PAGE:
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HomeArticlePharma & Life SciencesWhy is Europe leading the race in transforming food tech with its...

Why is Europe leading the race in transforming food tech with its advantages in biotech?

By Eugene Wang, Co-Founder & CEO, Sophie's BioNutrients

I guess not many people can say this better than I do.  I started my microalgae research in California.  I then ended up getting funding in Singapore to carry out major R&D work.  And during the pandemic, I learned that the best place for us to scale up the technology is actually in Europe.

Did you notice that most of the new food tech has something to do with biotech?  From the microbial fermentation (like the one we develop) to the cell-based foods, all these new technologies require some level of bioprocessing.  And that’s why Europe is taking the lead and will have some major advantages in the foreseeable future.

The lack of infrastructure, talents, and companies in bioprocessing technologies is not a problem unique only to Singapore.  It is a problem for most Asian countries and, to some extent, even US and Canada.  What we learned through the last couple years is that Europe is the ONLY continent with a FULL ecosystem for “bioprocessing” technologies development.  I am talking about more than a fermentation facility.  It includes the following.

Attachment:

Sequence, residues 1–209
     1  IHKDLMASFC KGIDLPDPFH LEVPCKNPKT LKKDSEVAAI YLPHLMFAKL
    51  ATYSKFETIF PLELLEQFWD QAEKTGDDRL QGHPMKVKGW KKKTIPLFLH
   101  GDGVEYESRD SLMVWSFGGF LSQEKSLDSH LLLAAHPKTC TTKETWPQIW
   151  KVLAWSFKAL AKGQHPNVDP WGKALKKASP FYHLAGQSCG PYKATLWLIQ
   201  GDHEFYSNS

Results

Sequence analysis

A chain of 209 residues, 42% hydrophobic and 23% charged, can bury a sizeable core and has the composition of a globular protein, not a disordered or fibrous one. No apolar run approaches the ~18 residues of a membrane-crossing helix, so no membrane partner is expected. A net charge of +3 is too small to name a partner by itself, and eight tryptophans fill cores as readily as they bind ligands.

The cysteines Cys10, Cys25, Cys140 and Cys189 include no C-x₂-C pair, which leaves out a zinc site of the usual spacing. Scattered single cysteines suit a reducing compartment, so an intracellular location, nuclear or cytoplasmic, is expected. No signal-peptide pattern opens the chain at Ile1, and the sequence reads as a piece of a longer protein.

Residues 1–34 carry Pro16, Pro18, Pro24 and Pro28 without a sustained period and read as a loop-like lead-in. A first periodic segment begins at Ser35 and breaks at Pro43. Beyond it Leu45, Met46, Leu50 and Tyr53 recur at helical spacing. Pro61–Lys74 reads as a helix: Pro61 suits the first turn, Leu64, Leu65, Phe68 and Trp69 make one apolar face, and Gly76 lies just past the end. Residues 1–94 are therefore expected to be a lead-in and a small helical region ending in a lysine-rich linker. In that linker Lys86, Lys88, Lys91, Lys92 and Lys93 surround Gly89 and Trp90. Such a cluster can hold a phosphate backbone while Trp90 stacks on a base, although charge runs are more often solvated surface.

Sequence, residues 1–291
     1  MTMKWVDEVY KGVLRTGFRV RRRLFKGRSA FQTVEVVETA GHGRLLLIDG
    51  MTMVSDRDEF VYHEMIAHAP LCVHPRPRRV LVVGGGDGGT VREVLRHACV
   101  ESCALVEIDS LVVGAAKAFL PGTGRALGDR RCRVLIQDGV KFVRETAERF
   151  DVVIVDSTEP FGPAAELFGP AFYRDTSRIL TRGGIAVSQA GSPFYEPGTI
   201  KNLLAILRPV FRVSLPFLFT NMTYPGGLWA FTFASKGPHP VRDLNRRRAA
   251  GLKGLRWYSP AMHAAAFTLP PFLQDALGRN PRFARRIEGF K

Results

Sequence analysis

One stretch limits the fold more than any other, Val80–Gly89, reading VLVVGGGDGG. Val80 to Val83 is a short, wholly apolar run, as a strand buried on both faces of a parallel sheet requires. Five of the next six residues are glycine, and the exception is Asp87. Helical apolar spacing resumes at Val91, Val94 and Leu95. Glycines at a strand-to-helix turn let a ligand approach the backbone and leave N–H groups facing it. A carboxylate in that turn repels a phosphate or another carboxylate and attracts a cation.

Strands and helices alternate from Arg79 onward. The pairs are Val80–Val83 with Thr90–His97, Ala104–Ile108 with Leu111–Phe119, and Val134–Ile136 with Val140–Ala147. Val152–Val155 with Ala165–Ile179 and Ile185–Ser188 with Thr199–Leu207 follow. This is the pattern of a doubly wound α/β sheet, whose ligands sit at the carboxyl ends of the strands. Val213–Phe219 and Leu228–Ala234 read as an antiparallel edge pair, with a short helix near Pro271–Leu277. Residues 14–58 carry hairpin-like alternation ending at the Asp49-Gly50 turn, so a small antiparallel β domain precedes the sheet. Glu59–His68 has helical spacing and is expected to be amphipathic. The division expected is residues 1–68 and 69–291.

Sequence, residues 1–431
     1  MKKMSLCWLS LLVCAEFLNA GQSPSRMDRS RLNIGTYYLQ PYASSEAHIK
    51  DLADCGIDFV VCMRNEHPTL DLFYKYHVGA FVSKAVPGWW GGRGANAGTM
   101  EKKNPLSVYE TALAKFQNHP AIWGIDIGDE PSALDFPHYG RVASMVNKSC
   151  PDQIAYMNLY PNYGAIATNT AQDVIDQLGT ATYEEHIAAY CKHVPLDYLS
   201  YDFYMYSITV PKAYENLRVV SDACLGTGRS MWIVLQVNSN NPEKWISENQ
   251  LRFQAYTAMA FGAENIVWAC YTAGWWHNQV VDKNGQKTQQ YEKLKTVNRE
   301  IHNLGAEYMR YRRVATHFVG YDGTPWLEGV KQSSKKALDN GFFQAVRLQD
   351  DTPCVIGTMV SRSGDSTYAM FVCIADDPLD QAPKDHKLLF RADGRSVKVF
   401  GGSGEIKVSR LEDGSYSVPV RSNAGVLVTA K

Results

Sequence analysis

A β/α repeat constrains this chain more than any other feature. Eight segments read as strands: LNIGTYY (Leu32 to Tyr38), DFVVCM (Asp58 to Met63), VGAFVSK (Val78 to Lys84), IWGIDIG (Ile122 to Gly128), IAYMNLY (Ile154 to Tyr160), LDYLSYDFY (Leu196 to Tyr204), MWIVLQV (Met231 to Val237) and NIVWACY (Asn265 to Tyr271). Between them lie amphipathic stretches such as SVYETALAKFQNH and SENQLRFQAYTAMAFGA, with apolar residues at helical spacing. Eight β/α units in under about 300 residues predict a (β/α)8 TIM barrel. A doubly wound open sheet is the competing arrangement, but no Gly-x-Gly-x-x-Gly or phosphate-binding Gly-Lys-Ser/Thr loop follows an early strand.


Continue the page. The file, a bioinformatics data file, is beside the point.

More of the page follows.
• Databanks
      • Schools
      • Labs
      • Scientists and professionals in this industry
      • Companies helping other companies to scale-up their new bioprocessing technologies
      • Companies helping other companies design their facilities
      • Companies helping other companies construct their facilities
      • Companies making equipment for bioprocessing
      • Companies selling and leasing equipment for bioprocessing
      • Companies helping other companies do contract manufacturing (both upstream and downstream).  They are the so called CMOs

From my experiences, some of these are even totally missing in Asia.  Let me give you some examples.

  1. Databanks – Taking Singapore as an example, microalgae libraries are nowhere to be found.  This is not so much an issue per se, but it will be critical if Singapore is determined in developing Single Cell Protein (SCP).  And talking about SCP, there are more than just libraries (or databanks) for microalgae that are needed.  We are also talking about bacteria, yeast and fungi.  What needs to happen for decent research work to start is a databank for all types of microorganisms, especially microalgae.
  2. Scientists and professionals in this industry – Singapore does have some problems in this regard.  It is not that SG does not have enough “number” of these talents, but that most of them are hired by multinational companies.  So, their skill sets are not quite right for startups.  What startups need, a lot of time, are the true and experienced R&D and Scale-Up people.  And these people are very lacking in Singapore (also most part of Asia).  They are either not experienced enough or are not R&D and/or Scale-Up specialists.  Europe, on the other hand, has lots of these talents. And a lot of them are willing or interested to work for a startup now.